There is grief. And then there is complicated grief.
In the New England Journal of Medicine earlier this year, Katherine Shear of the Columbia School of Social Work took on the topic — one that afflicts 2 to 3 percent of those who lose a loved one.
Complicated grief is different than what Dr. Shear refers to as “severe grief.” It is prolonged — longer than six months and at times into the years and decades. It is more prevalent in those who lose a spouse or a child and more likely if the death is sudden or violent. Women over 60 are the most susceptible.
You can see the results of complicated grief on an MRI, she added, saying that there are abnormalities in autobiographical memory, parts of the brain involving emotional regulation and other areas. And while those who grieve often suffer health problems in the early bereavement period, those who suffer from complicated grief have persistent health problems — from substance abuse and sleep disturbance to the potential for heart problems and even cancer.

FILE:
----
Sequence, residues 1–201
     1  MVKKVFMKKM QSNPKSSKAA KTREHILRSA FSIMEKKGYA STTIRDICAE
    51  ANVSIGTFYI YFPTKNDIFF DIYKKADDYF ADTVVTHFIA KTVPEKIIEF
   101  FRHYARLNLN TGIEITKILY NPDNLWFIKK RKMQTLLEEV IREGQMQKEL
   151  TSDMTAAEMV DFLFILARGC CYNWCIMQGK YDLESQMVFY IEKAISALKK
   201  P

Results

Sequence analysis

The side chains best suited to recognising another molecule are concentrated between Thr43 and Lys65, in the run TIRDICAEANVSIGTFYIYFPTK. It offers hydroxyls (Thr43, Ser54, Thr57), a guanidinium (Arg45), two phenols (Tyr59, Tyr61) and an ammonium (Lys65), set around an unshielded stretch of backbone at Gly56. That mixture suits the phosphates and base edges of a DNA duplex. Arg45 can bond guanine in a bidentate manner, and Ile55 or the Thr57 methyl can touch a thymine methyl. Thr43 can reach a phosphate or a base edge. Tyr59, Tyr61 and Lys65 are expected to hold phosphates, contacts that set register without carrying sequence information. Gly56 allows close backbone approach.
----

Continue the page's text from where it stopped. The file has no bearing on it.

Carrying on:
“Complicated grief is like a wound that doesn’t heal and can follow the loss of any close relationship,” Shear said in a New York Times article.
Complicated grief, she said, rarely gets better on its own. While some people benefit from pharmaceuticals, the best approach is psychological therapy, she wrote.
There are currently no professional guidelines for treating someone with complicated grief — in fact, medical professionals don’t agree on the criteria for diagnosis.
But Shear’s article could help some clinicians recognize the problem and get them some help.
Let’s hope that the research on this topic can mean that people don’t have to suffer so long anymore.